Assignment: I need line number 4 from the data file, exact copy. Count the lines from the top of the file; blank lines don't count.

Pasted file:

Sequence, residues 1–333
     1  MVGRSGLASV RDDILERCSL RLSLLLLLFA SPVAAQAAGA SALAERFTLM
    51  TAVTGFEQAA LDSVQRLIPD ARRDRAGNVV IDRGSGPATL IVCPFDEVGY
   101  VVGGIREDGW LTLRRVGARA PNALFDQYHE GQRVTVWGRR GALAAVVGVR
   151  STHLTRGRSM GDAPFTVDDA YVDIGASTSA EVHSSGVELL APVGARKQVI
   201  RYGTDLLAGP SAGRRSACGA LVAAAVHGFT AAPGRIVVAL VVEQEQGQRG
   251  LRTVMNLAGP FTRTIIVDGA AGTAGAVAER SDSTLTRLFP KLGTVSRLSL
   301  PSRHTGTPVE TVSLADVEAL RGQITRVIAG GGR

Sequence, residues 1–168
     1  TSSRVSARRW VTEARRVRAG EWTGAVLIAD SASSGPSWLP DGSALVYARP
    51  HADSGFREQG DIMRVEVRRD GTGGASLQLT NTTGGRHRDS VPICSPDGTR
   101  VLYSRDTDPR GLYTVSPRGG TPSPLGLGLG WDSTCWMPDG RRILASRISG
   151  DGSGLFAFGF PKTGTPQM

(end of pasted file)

   101  VVGGIREDGW LTLRRVGARA PNALFDQYHE GQRVTVWGRR GALAAVVGVR